Headlines about labour shortages don’t give the full story about migration – it’s a complex picture, obscured by a lack of facts. But the statistics are clearly out, by several million. What’s gone wrong?
To run a nation, you need to know who lives there – and much more besides. Without that information it’s impossible to run the economy and plan for housing, hospitals, schools, transport and more.
There’s no guarantee that having accurate data means it will be used well, but without it there’s little chance of making the right decisions. And there are clear signs that official figures for migration and the total British population are inaccurate, principally due to uncertainty about the number of EU nationals working in Britain but also because of what’s happened since the start of the pandemic.
The debate has become mired in views about migration policy and the number of illegal immigrants entering Britain – very few of whom are being sent back to their country of departure. But that focus has obscured the fact that the government doesn’t even know who’s here legally.
The British population has increased rapidly in the past 20 years, the result of the policy of all governments to rely ever more on migrant labour, aided by EU membership. Importing labour discourages training and innovation in Britain and makes the country vulnerable when conditions change – which is precisely what has happened with the coronavirus pandemic.
The EU’s fundamental principle of the free movement of labour makes things worse. It facilitates migratory workers and makes it hard for any nation to plan or track what’s happening. Meanwhile, Brussels reckons that two in three people working elsewhere in another member state return to their own country.
Market in charge
That’s bad for nations at both ends – leaving them unable to plan and vulnerable to changes – whether recession or pandemic. In effect it puts the market in charge, and not the needs of the people of either country.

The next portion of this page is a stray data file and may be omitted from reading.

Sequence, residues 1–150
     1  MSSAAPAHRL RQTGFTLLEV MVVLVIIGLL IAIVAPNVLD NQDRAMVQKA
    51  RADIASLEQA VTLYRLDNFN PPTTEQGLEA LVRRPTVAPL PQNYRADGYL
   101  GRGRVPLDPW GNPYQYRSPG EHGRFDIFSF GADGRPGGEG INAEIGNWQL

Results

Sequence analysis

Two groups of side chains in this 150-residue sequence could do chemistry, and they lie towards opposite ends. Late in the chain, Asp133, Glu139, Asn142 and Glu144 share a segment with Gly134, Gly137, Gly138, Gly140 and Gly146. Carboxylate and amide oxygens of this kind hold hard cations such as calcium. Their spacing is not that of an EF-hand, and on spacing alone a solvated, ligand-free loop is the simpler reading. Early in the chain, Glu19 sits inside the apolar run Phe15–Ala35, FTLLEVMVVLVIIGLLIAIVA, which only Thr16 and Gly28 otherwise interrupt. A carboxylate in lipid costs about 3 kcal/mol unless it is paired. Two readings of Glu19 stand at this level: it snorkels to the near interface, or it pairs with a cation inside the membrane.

Now even the Office for National Statistics (ONS) is being forced to confront its failures. In 2019 it finally accepted that its quarterly migration reports are “experimental” and should not be designated as “National Statistics”.
The ONS concedes that it has underestimated net immigration from the EU and overestimated immigration from elsewhere. But it is still saying the overall figures are broadly correct. Others doubt this.
In 2018, analysis published by the independent Economic Statistics Centre for Excellence (ESCoE) raised doubts about the ONS migration figures – they simply did not tally with population estimates. While population estimates over the eight years to 2017 suggested a rise of 1.5 million in the number of people born in the EU and living here, migration statistics showed net migration from the EU of 950,000 over that period.
This matters – because people coming from the EU had unfettered rights to work and live in Britain – and could just as easily pack up and go home if they wished. And that’s what seems to have happened since the start of the pandemic.
Early in 2021, the ESCoE published another analysis which looked at a reported 1.3 million decrease in the population since the start of the pandemic and suggested large numbers of people originally from the EU had left.
ESCoE looked at employment statistics from ONS, which appeared to suggest an increase over the previous year of more than a quarter of a million people working in London and born in Britain – despite the pandemic! It then looked at other information, particularly about migration. Its conclusion: that many job losses during the pandemic fell on non-UK workers, which resulted in return migration rather than unemployment here.
And the Migration Observatory, based at Oxford University, came to broadly similar conclusions. Its work suggests that the total number of EU immigrants entering Britain between 2012 and 2020 was 1.6 million higher than the previous estimate of two million.
The impossible result for London’s population numbers is precisely that: impossible – a statistical artefact created by unfounded assumptions. Believe it or not, the ONS methodology actually “creates” new British-born people to “replace” those born abroad who have left the country and to grow the population to the previously forecast level.